Former Reserve Bank of India (RBI) governor Dr Y Venugopal Reddy has welcomed the recent mega bank recapitalisation move by the Central government as an 'appropriate' decision, while adding that the structural problems in the banking sector still remain.
When International Business Times India met Dr Readdy on the sidelines of Bangalore Literary Festival 2017 on Sunday, he spoke on issues related to banking problems, RBI's relations with the finance ministry and the monetary policy committee.
A well known name in the economic and finance circuit with a global reputation, the former RBI governor said referring to the bank recapitalisation, "The solution that is being done is different, perfectly appropriate. In terms of fiscal and monetary implications, this is acceptable."
But the 76-year-old former central banker, who's known for handling tough situation with ease, explained, "Government's recapitalisation plan will only help banks from chocking, so that banks keep functioning, it is de-chocking, but the structural problem is still there and it needs time to resolve, and the government is working on it."
On the relations between RBI and finance ministry, Dr Reddy said that there is always a room for discussion, it's not a one-way affair.
"I always believe that whatever my thoughts are, I explain it to my bosses, not just in RBI, also as a civil servant. If at all nothing works, if the decision is fundamentally different from my decision, I try to pull myself out from it," the 21st RBI governor said.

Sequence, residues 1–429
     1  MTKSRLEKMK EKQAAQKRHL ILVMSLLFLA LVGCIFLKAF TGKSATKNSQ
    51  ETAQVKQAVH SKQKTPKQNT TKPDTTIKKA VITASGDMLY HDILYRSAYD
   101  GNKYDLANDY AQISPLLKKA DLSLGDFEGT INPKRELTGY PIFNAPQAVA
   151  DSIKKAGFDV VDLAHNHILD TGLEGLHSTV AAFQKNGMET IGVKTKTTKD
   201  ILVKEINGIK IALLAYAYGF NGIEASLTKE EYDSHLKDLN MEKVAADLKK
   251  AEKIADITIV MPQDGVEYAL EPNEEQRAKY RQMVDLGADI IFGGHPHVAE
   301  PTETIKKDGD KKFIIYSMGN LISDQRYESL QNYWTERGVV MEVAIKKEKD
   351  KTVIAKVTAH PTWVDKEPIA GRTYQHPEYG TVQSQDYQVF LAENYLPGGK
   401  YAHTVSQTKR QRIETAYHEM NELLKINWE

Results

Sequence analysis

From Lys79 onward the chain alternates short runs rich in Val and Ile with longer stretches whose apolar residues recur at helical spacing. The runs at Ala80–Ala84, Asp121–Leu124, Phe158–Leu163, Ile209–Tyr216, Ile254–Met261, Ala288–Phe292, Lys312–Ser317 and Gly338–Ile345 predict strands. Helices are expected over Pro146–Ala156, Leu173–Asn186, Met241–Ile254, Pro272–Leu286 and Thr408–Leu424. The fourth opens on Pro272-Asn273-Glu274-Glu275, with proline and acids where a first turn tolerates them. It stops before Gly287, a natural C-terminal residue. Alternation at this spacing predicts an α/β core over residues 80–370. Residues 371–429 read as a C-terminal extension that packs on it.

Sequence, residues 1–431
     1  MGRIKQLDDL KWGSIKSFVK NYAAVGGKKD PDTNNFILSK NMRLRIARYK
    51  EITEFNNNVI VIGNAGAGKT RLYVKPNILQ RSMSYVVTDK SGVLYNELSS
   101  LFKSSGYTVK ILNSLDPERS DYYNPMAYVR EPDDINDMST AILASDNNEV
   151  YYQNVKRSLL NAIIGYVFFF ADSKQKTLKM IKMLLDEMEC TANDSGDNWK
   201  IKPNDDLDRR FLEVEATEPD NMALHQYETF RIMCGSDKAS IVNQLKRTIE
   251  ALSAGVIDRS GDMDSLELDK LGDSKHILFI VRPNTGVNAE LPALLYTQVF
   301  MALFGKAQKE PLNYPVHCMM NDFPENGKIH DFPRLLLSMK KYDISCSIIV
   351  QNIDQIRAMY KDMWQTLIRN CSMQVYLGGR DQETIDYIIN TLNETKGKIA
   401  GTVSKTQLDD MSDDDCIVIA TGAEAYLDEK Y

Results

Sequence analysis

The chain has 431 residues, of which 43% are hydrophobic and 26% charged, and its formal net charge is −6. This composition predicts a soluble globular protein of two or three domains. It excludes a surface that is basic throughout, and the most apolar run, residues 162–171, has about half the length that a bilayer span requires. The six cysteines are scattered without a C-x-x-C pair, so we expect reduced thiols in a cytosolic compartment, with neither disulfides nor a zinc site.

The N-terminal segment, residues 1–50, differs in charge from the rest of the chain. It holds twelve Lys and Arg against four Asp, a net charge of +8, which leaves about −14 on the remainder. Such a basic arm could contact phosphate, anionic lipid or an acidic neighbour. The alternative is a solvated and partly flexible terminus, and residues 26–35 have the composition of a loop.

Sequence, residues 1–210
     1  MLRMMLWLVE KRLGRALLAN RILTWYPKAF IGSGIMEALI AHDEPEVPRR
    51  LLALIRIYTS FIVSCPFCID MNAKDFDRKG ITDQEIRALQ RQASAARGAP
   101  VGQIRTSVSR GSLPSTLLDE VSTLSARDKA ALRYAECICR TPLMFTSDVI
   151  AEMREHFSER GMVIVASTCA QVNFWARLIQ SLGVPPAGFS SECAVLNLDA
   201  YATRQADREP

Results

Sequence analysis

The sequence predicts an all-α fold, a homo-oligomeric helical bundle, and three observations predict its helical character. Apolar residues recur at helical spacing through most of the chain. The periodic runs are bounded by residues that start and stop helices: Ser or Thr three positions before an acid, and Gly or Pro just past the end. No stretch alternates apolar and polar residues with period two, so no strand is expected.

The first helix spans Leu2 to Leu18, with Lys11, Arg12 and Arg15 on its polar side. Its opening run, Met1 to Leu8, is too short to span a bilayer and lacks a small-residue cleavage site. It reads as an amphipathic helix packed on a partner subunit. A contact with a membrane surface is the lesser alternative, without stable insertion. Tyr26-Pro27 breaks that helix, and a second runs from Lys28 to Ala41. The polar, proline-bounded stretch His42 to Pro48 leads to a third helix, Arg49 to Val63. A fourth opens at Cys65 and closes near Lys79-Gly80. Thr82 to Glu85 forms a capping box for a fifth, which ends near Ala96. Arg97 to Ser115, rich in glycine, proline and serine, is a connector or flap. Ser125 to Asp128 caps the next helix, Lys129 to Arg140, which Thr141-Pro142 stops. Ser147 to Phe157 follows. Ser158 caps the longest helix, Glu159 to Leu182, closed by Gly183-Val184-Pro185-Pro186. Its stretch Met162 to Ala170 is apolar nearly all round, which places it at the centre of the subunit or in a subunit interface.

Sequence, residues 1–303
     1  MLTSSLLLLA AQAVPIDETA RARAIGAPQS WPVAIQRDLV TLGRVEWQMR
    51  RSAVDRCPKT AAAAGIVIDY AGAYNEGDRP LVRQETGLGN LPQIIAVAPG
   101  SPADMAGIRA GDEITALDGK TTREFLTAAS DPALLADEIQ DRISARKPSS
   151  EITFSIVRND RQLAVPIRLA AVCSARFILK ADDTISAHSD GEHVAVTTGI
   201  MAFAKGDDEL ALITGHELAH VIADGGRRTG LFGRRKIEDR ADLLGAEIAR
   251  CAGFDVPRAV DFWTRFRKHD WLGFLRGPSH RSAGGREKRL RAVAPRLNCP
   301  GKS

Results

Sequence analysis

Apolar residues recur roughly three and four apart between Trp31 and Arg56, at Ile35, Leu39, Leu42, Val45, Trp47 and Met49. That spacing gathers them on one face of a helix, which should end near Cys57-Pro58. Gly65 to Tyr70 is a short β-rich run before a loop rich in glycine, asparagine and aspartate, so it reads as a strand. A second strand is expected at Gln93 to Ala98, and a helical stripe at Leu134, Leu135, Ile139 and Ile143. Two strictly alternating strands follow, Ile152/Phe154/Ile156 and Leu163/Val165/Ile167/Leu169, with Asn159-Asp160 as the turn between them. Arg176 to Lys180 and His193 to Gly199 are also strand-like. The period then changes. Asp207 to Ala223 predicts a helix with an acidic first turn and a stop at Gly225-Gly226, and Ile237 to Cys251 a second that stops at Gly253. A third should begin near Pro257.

Referring to the government's decision on demonetisation last year, Reddy said that the Centre, as a sovereign, had every right to take the decision on demonetisation. He added that, if didn't like the decision, he would have conveyed his professional disagreement over the feasibility of the move.
Post the note ban exercise on November 8, 2016, the former RBI governor had aired his reservations on the move. He told CNBC then, "The institutional identity of the RBI has been damaged. It is not about individuals but about the credibility and reputation of the central bank."
On a question on the current situation of the country's banking sector, especially the public sector banks, the former governor said, "I would like to restrain myself from commenting on these issues, as I'm no more in touch with the data, figures and not aware of the day to day affairs of the banks."
However, Dr Reddy explained, "Non-performing assets (NPAs) is not today's problem, the problem has been accumulated. And currently due the series of events such as demonetisation, GST, bad loans, it gives bigger negative picture." "Even two years back, figures were not that great as it were projected," he added.
On the question of formation of monetary policy committee and its implications, Dr Reddy supported the move saying, "A decision should not left to an individual on a matter of such great concern. When there are two things of monetary policy science and art: science is analysis, forecasting, models and art is the judgement. I think it's better to take a judgement together."